Australian Open 2017: Federer takes on Mischa Zverev in battle of vintage tennis
Both players are accomplished serve-and-volleyers - and tennis fans haven't seen the technique in a long time.
Today is perhaps one of those matches. Will the icon Roger Federer make it past Mischa Zverev, who defeated Andy Murray here? That is the big question here, and one everyone wants the answer to.
Even as all eyes have been on younger brother Sascha, Mischa Zverev has quietly been making his own significant impact. And in his biggest win yet, he took four sets to dispatch World No. 1 Andy Murray from a tournament where, after the exit of Novak Djokovic, the No. 1 had been the favourite to win.
And he did so with a serve-and-volley game that Murray appeared unable to make sense of. Flummoxed by Zverev’s play, Murray dropped serve eight times in that match.
Zverev, perhaps, is a hark back to the tennis days of old – and that is the game he has been bringing out. Constant serve-and-volley, on the first serve or the second. In an age where most players are sticking to the baseline, playing deep, big shots, Zverev did not.
Everyone’s an aggressive baseliner. Andy Murray included. Novak Djokovic, among the greatest, is both aggressive and defensive. He can serve-and-volley too – but rarely does.
It’s a strategy we haven’t seen in a long time, despite some of the best the sport has ever witnessed adopting that strategy.
Boris Becker. Pete Sampras. John McEnroe. Stefan Edberg. And the man after whom center court is named – Rod Laver himself.
Still, every young (and old) player today plays from the baseline – and it’s become one of the ‘unwritten rules’ of tennis, one might argue. Even players who started off with the classic serve and volley have moved since to baseline play. One of those men is Zverev’s quarter-final opponent, Roger Federer, one of the best proponents of serve-and-volley still active.
But even Federer has moved on to baseline play to combat newer and younger opponents.
Had Zverev played from the baseline, it is doubtful he would have defeated Andy Murray. The Scot reached World No. 1 winning most of his points from the baseline, and on a good day he would have won this easily.
Murray was not himself that day, and this new, much-unused, nearly obsolete technique was difficult to deal with. The German rushed the net 150 times, winning 55% of his points at the net.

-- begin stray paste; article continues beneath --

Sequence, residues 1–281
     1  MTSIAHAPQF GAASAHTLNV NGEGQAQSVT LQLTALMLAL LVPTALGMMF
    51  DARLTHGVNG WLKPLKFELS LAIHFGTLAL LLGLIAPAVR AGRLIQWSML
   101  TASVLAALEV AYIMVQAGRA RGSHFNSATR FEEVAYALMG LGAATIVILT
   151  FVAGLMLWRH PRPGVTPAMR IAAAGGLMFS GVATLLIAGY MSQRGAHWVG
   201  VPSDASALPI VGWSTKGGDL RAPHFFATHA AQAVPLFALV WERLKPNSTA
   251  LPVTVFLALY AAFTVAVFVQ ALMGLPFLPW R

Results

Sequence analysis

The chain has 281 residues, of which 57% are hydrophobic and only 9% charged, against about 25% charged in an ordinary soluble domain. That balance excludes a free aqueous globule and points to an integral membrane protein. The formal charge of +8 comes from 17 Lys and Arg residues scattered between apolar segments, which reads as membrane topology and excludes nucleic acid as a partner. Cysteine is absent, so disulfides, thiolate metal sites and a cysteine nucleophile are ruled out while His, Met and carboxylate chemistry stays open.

Chip-and-charge helped Zverev significantly. Anticipating longer rallies, Murray was blocked by Zverev’s chip-and-charge and arrested shot length. Zverev moved frequently into the net to return, winning a whopping 119 points on serve and volley.
Now he plays Federer, who started off his career as a serve-and-volleyer against the best serve-and-volleyers.
He’s been there, and done it all, and it is not as likely Zverev will be able to flummox Federer the same way. Yes, the Swiss has adapted to aggressive baselining in recent years, but fans have seen more than a glimpse of the old Federer in his last few games.
Perhaps we could go back even further to his earlier years, where we saw Federer charge the net against the likes of Sampras, and even in his early days against the defensive baseline-favouring Rafa Nadal.
One thing is for sure – this one is not going to go down without a fight.
Federer vs Zverev – what are the chances?
Technique and shot-making aside – giving Federer, at 35 and baying for blood with an 18th Grand Slam nearly in sight, a serve-and-volleying opponent promises for some great tennis. With experience on his side and a renewed energy and momentum, fans and pundits would give this one firmly to Federer.
The two have only played each other twice in the past, most recently in 2013 at the Gerry Weber Open in Halle, Germany – on Federer’s favourite surface, grass. That ended in a double bagel for Zverev.
Fun fact – Last year, the younger Zverev brother – Sascha – ousted Federer from the semi-finals at that tournament.
The only other time Mischa Zverev played Federer was in 2009, at the Rome Masters. That had ended in a straight sets win for Federer – but again, it was played on clay.
A hard-court match between these two would be a new beast entirely.
It will be a treat to watch some 80s style tennis again, and especially watching serve-and-volley on a court named for the great Rod Laver.
This one looks to be with Federer, perhaps in four sets given the charge Zverev has mounted and the momentum he no doubt has.
What does this mean for tennis?
The fact that a player not only brought back the serve and volley, but used it to thoroughly outclass the World No. 1, means that children, and younger players all over the world, will no longer ignore the apparently long-lost technique.
It means, for tennis watchers, that more and more players will try different techniques and not charge the net only occasionally.
It means that the net is exciting again.